This is a much smaller-scale story than Donovan's previous effort, but ultimately far more satisfying. There is tension here, and Donovan writes the team well, with a satisfying, exciting finish. My favorite non-Dent Doc Adventure thus far.

The pulp cover is by Walter Baumhofer and the Bantam paperback cover is by Fred Pfeiffer. I'll give The Black Spot a 9 out of 10.

Saturday, September 13, 2014

Pulp of the Week - Indiana Jones and the Peril at Delphi

Indiana Jones and the Peril at Delphi
by Rob MacGregor

There is a great used book store called Movie World in downtown Burbank that stocks a mountain of books including plenty of Science Fiction paperbacks. The SF books cover a wall ten feet high and fifteen feet wide. In some spots they are shelved 3 books deep.

One day last year I decided to pay attention to the novelizations that were stacked horizontally by the door. The Indiana Jones novels caught my eye and took a look at them. They were not novelizations, but original stories. I bought a pile of them that were written by Rob MacGregor.

Indiana Jones and the Peril at Delphi is the first of MacGregor's books. The bulk of the story takes place in 1922, but flashes back two years briefly for some antics at his college graduation.

MacGregor's series follows graduate student Jones on an adventure that takes him from the dawn of the jazz age in Paris, to the ruins of Greece, and into an adventure and romance or two. As the title states, Indy ends up in Delphi where famous oracles in the ancient past would enter the caves, breathe in mystical vapors and emerge having received prophetic visions.

Indy has been hired (possibly just seduced) into following professor Dorian Belecamus to Greece and into a political, ethical, and potentially fatal web of deceit and betrayal.

Author MacGregor writes a great tale that despite Indy being college age, really feels like an Indiana Jones story, not a Young Indy story. He weaves in a few character building bits and by the end of the tale,  Grad Student Henry Jones, Jr is one step closer to being the Indy that we know and love.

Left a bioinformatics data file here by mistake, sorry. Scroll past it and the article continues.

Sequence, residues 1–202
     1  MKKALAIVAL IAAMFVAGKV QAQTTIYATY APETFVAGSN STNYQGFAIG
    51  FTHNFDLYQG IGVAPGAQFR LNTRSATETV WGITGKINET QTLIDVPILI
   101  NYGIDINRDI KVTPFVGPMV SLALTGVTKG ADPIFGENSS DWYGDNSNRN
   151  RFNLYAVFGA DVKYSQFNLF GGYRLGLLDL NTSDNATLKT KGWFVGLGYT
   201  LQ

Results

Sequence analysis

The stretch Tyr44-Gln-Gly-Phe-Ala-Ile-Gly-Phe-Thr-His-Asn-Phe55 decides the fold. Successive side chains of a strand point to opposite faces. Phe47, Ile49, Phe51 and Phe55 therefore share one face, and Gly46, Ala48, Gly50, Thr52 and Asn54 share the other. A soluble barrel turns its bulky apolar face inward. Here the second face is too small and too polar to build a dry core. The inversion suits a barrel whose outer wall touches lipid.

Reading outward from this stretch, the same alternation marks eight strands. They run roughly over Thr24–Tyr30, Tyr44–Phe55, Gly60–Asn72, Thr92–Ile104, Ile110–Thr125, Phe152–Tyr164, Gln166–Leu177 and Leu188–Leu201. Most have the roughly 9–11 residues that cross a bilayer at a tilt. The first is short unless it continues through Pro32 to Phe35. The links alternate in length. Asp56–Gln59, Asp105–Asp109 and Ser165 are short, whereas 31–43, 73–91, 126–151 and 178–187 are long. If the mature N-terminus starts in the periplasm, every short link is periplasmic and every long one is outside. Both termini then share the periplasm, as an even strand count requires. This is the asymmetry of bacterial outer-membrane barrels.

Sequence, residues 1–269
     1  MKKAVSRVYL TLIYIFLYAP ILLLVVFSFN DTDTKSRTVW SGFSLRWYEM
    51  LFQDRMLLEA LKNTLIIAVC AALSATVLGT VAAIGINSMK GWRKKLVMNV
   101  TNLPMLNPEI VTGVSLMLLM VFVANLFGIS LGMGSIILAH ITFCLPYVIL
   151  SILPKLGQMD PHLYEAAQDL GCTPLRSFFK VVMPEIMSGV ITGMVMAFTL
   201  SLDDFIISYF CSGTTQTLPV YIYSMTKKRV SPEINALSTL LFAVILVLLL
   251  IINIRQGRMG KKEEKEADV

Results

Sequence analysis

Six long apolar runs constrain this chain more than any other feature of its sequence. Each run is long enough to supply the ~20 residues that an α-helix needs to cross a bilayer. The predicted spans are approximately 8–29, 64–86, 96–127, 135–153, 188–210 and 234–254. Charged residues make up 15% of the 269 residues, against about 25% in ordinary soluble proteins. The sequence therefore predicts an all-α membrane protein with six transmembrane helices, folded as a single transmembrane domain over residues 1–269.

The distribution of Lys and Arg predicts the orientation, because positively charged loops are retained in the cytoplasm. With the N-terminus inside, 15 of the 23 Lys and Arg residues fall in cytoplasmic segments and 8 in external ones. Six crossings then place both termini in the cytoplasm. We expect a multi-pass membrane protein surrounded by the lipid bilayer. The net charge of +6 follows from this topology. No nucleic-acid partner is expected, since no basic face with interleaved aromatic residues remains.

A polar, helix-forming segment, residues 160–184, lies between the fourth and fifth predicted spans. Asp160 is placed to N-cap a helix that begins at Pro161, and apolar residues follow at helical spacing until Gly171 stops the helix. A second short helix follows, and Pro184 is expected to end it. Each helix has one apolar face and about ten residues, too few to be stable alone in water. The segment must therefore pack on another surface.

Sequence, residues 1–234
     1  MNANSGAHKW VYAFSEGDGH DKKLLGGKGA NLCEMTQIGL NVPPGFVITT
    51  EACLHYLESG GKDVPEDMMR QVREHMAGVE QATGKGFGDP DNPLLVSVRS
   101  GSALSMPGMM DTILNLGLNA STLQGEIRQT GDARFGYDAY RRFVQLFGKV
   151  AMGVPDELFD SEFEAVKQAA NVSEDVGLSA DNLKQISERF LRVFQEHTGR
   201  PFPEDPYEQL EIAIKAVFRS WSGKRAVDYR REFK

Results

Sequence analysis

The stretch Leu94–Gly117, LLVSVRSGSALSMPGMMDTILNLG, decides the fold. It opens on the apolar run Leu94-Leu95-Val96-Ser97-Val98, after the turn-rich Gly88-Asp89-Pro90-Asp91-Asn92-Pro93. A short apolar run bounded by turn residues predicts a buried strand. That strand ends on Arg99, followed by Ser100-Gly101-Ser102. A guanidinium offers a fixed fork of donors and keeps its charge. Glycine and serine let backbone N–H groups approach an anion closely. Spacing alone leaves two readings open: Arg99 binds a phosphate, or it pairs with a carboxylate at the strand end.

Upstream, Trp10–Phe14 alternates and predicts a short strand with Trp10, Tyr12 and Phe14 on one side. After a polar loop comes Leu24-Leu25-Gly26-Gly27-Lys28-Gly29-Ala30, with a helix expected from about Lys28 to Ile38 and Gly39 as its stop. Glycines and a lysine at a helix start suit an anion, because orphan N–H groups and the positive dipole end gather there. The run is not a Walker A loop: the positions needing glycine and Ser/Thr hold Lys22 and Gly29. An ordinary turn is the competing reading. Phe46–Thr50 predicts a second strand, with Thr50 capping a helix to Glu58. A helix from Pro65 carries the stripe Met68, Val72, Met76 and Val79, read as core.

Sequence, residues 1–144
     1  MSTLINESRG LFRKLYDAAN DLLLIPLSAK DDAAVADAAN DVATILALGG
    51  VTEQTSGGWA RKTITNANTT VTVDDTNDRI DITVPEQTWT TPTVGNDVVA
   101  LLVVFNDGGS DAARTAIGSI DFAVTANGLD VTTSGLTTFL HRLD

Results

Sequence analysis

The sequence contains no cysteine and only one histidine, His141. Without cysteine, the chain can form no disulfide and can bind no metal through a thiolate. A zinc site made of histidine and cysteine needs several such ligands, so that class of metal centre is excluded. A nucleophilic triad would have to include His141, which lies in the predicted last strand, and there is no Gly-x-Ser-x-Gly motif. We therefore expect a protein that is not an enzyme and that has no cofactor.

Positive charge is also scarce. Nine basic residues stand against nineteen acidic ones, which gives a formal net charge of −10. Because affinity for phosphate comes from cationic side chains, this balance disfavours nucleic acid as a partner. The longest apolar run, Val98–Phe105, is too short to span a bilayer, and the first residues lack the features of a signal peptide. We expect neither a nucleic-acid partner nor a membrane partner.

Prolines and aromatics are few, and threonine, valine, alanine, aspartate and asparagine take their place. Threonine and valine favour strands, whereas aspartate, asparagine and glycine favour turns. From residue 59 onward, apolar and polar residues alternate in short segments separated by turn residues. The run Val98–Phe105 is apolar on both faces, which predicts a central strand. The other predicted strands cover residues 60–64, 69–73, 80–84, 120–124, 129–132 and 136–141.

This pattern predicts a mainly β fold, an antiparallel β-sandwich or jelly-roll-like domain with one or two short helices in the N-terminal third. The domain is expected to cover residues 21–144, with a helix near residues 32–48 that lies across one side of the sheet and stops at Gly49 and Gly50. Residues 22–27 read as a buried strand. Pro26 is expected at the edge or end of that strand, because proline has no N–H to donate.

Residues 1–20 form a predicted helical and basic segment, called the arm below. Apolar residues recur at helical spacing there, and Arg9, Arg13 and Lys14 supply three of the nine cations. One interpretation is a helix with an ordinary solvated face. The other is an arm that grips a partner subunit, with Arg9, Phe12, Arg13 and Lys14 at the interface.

I highly recommend Indiana Jones and the Peril at Delphi. It also features a great cover by Drew Struzan, the fantastic movie poster artist, that did the Raiders One-Sheet and so many more. His cover contributes considerably to setting the tone that this is Indiana Jones. I give the book 8.5 out of 10.

Sunday, July 6, 2014

Pulp of the Week - Doc Savage 40

June 1936 - The Haunted Ocean

The Haunted Ocean is another Laurence Donovan tale, this time with a lofty villian's goal: Defeating all the world's armies and using his own to enforce world peace. The US President (FDR at this time, although not named) telephones Doc and summons him to Washington, D.C. to discuss the disappearance of the peace commission.

At the meeting, the President stated, "The whole thing is fantastic, but it suggests such great possible calamity, it cannot be overlooked! We seem to be threatened by such a power as none of our government scientists and technicians have ever before seen."

Doc replied that science had advanced so rapidly that the threat could be genuine. "None can say what vast force can be discovered at any time. Unfortunately, the discoveries are not always made by those of balanced and straightforward minds."

The villain, The Man of Peace, seeks the same ends as the commission - to disarm everyone but themselves, although this is not acceptable to the great nations.

This was an odd story and in thinking about it, I find it is so strange that the writer and editor in 1936 would not find it strange or worry that the readers would not like the commission members to be Great Britain, France, the United States, Spain, Italy, and Germany! This is only 15 years after the Great War! William Harper Littlejohn (Doc's aide Johnny) was currently the US delegate and has gone missing.

There are plenty of planes and ships and submarines involved in the action, but I didn't find it all that engaging. I'll give Donovan's tale a 7 out of 10. The pulp cover is by Walter Baumhofer, and the Bantam paperback cover is another great James Bama painting.

Thursday, July 3, 2014

Awesome Custom Playing Cards

 My friend Matt Drake has created a bitchin' pair of playing cards decks with an undead west theme. I really like these and have ordered on kickstarter already. I bought the dice, too.

So I really want all of you to go buy them so these things get made!

 The Rusted Tin Style

 The Wanted Poster Style

Skull-erific Dice!